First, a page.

Illustrating other aspects, FIG. 4 is a block diagram showing a location manager component 400 containing a developer component 402, an assignment component 404, and a partition component 406. Location manger component 400 is configured to evaluate locations with reference to timing measurements as reported by location aware devices located within a communications environment. The measurement reports (e.g., RRC Report 210 of FIG. 2) can include identification of base stations (CellID) and measurements related to the base stations, which can include timing measurements for the individual base stations.

In one embodiment, upon receiving the one or more arriving measurements that include location data, the developer component 402 is configured to produce a set of training vectors. To create the set of training vectors, the developer component 402 can take into account historical measurements as well as the newly received location data and arriving measurements. In accordance with some aspects, developer component 402 can be configured to determine timing offsets for each pair of base stations. For example, if there are two base stations, developer component 402 can evaluate the pair and determine the timing offset for the pair. In another example, if there are three base stations (A, B, and C), developer component 402 can evaluate three pairs (A-B, B-C, and A-C) and determine the timing offset for each of the three pairs, and so forth.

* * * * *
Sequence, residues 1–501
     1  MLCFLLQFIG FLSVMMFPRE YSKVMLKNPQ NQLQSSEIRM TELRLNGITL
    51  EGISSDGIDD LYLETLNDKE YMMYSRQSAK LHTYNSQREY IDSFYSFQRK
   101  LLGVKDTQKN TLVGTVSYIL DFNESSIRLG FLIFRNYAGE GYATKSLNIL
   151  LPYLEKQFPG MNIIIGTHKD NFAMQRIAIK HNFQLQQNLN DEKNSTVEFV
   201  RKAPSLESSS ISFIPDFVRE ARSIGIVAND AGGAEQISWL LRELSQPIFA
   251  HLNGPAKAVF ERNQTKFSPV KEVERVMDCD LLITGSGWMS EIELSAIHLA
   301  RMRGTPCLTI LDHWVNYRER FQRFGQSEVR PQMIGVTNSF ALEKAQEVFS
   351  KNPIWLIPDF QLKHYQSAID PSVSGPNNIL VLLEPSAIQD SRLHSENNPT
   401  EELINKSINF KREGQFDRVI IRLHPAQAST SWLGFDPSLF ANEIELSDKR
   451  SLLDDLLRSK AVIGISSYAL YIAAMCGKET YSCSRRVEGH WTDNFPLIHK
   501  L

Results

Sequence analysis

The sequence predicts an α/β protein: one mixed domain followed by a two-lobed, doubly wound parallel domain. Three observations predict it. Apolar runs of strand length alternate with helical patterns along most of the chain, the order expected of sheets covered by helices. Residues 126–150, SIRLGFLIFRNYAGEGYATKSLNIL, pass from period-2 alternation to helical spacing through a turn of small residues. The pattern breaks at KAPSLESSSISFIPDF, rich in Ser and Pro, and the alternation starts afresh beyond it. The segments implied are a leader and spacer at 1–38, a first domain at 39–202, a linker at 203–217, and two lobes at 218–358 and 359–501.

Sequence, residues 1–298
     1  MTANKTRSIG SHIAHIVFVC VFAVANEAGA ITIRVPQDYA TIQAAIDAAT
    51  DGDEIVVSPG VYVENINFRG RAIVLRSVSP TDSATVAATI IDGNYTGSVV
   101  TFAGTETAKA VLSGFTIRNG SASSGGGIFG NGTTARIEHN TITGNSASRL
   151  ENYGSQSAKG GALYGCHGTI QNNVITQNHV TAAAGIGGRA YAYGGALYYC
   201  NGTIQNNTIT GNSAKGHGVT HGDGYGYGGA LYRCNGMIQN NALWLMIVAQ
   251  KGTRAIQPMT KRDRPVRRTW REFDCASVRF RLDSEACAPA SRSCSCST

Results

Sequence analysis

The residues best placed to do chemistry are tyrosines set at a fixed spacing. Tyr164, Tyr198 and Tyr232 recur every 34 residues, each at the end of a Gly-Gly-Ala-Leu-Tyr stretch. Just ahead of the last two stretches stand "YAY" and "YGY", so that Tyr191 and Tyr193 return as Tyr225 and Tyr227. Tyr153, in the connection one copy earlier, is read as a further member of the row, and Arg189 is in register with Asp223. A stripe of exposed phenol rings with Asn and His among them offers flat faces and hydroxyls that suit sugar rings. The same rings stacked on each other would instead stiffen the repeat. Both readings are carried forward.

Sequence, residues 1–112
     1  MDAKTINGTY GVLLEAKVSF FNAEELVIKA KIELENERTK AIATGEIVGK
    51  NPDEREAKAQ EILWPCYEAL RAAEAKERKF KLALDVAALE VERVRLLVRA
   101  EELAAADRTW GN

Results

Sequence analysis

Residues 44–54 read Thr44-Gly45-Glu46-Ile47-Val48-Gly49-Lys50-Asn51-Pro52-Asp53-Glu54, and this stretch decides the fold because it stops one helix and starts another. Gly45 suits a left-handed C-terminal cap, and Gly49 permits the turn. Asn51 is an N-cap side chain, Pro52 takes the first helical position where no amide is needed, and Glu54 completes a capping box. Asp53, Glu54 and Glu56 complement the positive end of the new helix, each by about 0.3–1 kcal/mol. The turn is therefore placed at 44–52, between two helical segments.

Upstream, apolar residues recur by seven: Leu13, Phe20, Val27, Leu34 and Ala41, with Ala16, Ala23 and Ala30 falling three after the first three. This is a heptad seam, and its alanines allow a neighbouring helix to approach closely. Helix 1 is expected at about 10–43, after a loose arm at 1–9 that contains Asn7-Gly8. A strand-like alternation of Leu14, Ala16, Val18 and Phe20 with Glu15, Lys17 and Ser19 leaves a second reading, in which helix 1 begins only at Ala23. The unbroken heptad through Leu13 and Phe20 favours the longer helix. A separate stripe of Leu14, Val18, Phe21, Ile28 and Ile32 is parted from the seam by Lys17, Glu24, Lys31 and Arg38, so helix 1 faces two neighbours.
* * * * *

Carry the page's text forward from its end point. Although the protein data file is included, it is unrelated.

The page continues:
In an example, developer component 402 calculates training vectors above and below a given value of latitude, longitude, and/or altitude. For this example, three training vectors have known classifications. A first training vector is at 32.0 degrees latitude (lower test point), a second training vector is at 34.0 degrees latitude (upper test point), and a third training vector is at 33.0 degrees latitude (latitude of interest).

System performance can be enhanced with respect to calculation speed and memory by augmenting the three vectors by increasing the number of dimensions in the hyperplane problem to include dimensions corresponding to certain indicator variables that are Boolean values indicating which pair of mobile base stations is relevant to the solution. For example, the three vectors can be supplemented with Boolean values (1 or 0) corresponding to which base station pair is part of the measurement set and/or which base station pair is not part of the measurement set. An example of supplemented vectors can be: